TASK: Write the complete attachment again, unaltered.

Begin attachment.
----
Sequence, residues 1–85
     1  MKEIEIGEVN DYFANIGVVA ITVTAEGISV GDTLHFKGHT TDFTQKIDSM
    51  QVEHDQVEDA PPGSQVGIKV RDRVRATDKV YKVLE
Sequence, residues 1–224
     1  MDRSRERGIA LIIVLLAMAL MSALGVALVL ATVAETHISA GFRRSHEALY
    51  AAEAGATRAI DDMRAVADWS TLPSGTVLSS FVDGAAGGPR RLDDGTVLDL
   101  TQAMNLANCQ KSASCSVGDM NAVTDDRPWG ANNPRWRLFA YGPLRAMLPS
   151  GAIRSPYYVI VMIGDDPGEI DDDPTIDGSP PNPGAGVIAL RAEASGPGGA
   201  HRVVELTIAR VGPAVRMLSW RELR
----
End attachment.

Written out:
Sequence, residues 1–85
     1  MKEIEIGEVN DYFANIGVVA ITVTAEGISV GDTLHFKGHT TDFTQKIDSM
    51  QVEHDQVEDA PPGSQVGIKV RDRVRATDKV YKVLE
Sequence, residues 1–224
     1  MDRSRERGIA LIIVLLAMAL MSALGVALVL ATVAETHISA GFRRSHEALY
    51  AAEAGATRAI DDMRAVADWS TLPSGTVLSS FVDGAAGGPR RLDDGTVLDL
   101  TQAMNLANCQ KSASCSVGDM NAVTDDRPWG ANNPRWRLFA YGPLRAMLPS
   151  GAIRSPYYVI VMIGDDPGEI DDDPTIDGSP PNPGAGVIAL RAEASGPGGA
   201  HRVVELTIAR VGPAVRMLSW RELR